An Edited Literary Reading Series

All The Feels


It hurts, doesn’t it?

On May 2nd, The Disagreement presents, “Don’t throw it all away because of your ’emotions’ …” Join us at Hi-Fi. We’ll start around 8.


James Capozzi is the author of Country Album (Parlor Press), which won the New Measure Poetry Prize. His poems have appeared recently in Queen Mob’s Teahouse, Posit Journal, and Ohio Edit. He lives in New Jersey.

Emma Horwitz lives and works in New York City.  Previous work in fiction has appeared in Vol. 1 Brooklyn, Joyland Magazine, Two Serious Ladies, McSweeney’s Internet Tendency, and elsewhere. She also writes for performance, and will begin her MFA in Playwriting at Brown University this fall.

Brady Huggett is a writer and journalist living in New York City.


We Turned Four…and Other News


On January 25, we celebrated our 4th anniversary. Each reading we’ve hosted since 2013 has been a blast in it’s own way, but the anniversary events are always an incredible pleasure. That’s because unlike our “normal” readings, where we pick what will be read, on our anniversaries, we invite back a handful of writers to surprise us with new work. And we’re always wowed by what they choose to read.

This year, Jen Levitt, Rebecca Bates, Kayla Rae Whitaker, Sarah Wang, and Paula Bomer gave us poetry, novel excerpts, and creative non-fiction, respectively. Though each writer approached the theme “If only we had known we were going to get played…” in their own way, the work they presented shared the kind of compassionate and deep reaching wit that reminds you why you read in the first place. Photos from the night below. (Top to bottom: Jen Levitt, Rebecca Bates, Kayla Rae Whitaker, Sarah Wang, and Paula Bomer).


The Other News Part: Our next reading is May 2nd and the theme is: “Don’t throw it all away because of your ’emotions’…”

We’re accepting submissions though April 15th.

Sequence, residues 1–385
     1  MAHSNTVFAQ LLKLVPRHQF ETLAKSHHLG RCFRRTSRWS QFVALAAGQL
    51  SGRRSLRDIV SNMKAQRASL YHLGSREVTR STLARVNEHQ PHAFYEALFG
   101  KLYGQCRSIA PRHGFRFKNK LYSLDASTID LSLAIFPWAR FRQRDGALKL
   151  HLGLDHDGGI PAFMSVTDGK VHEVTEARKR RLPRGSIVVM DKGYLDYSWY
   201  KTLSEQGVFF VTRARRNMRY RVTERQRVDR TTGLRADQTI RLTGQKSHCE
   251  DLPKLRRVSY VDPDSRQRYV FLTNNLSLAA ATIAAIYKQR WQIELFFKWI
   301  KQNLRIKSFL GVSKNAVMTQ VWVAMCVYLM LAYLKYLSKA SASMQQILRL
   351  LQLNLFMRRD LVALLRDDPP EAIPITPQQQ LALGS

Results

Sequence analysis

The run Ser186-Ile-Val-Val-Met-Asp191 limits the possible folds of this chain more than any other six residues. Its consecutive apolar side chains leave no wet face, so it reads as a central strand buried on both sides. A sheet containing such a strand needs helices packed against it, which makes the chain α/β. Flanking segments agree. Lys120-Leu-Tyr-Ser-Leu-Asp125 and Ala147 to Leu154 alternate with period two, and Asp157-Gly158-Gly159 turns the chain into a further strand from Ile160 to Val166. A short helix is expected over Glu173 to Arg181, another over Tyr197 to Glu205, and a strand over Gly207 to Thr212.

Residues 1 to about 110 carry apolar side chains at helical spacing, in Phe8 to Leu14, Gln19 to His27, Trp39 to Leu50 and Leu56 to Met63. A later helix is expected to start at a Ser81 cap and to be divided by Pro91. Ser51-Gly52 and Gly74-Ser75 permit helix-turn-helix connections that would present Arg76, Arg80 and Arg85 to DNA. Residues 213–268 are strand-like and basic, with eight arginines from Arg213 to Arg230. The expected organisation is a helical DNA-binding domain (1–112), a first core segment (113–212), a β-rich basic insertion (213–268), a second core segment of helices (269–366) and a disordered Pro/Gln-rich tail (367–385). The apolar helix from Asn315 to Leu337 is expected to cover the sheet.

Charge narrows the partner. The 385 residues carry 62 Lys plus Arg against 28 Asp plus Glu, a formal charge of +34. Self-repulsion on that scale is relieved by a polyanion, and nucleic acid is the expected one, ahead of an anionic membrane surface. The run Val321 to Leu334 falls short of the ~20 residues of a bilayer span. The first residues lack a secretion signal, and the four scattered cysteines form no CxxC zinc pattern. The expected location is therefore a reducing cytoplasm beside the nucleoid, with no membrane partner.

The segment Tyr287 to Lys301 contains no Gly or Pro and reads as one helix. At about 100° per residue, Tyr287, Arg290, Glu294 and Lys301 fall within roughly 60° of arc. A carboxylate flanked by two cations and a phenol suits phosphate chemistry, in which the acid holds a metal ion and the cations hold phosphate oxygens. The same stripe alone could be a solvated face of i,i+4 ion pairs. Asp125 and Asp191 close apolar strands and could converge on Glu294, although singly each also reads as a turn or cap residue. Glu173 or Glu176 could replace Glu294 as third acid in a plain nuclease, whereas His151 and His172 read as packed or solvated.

Hold Your Head Up


We’re going to make it. Somehow.

Join us on January 25, same place, same time (HiFi at 8pm) as we bring back some our fav readers from our past lives (Jen Levitt, Sarah Wang, Paula Bomer and Rebecca Bates…) plus Kayla Rae Whitaker, who read for us in our disagreeable infancy, and whose debut novel, The Animators is out on January 31st!


Now for an update: We closed on our third year on the Tuesday before Thanksgiving with four great readers who helped us feel “Just lower than before…” which is to say fucking great.

From top to bottom: Stu Watson, Jen Levitt, Sarah Wang, and Ian MacAllen.





Updates, Belated and Otherwise


It’s been awhile. We needed a rest. But we return to you renewed and refreshed and ready to present the disturbingly apt “Just lower than before …” on November 22.

We chose this theme almost a year ago. It sounded funny then. Now it just sounds sad.

At the Hi-Fi Bar. We’ll start around eight.


Stu Watson is a writer, musician and teacher who lives in Brooklyn. His poems, essays, and stories have appeared in PANK, Queen Mob’s Teahouse, The Collapsar, Flapperhouse, and other publications. A founder and editor of Prelude, he teaches literature at John Jay College of Criminal Justice. 

Sarah Wang is a writer based in New York. In 2016 she won a Chicago Tribune Nelson Algren Literary Award runner-up prize. She has written for The Last Newspaper at the New Museum of Contemporary Art; semiotext(e)’s Animal Shelter; The Los Angeles Review of Books; Conjunctions; Story Magazine; and Stonecutter Journal, among other publications. 

Jen Levitt’s poems have appeared in Tin House, Sixth FinchCutBank, No, Dear and elsewhere. Her first collection is forthcoming in 2016 from Four Way Books.

Ian MacAllen is the Interviews Editor at The Rumpus and the founder of English Kills Review, a website focused on on books, authors, and New York City. His writing has appeared in The Rumpus, The Billfold, Electric Cereal, Thought Catalog and elsewhere. Ian received his M.A. in English from Rutgers University in 2012. He lives in Brooklyn and tweets from @IanMacAllen.

And while we’re here: we had some readings earlier this year. We took some pictures. Here they are.

 “Depending on how I grip it …” 

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From top to bottom: Julia Philips, Tobias Carroll, Dorian Rolston, Mark de Silva

“Here’s good news if you have to sleep on the floor …”

img_20160302_211508 img_20160302_203737 img_20160302_203331From top to bottom: Paula Bomer, Lynn Steger Strong, and Jill Capewell. Meredith Turits also read but somehow went inexplicably unphotographed.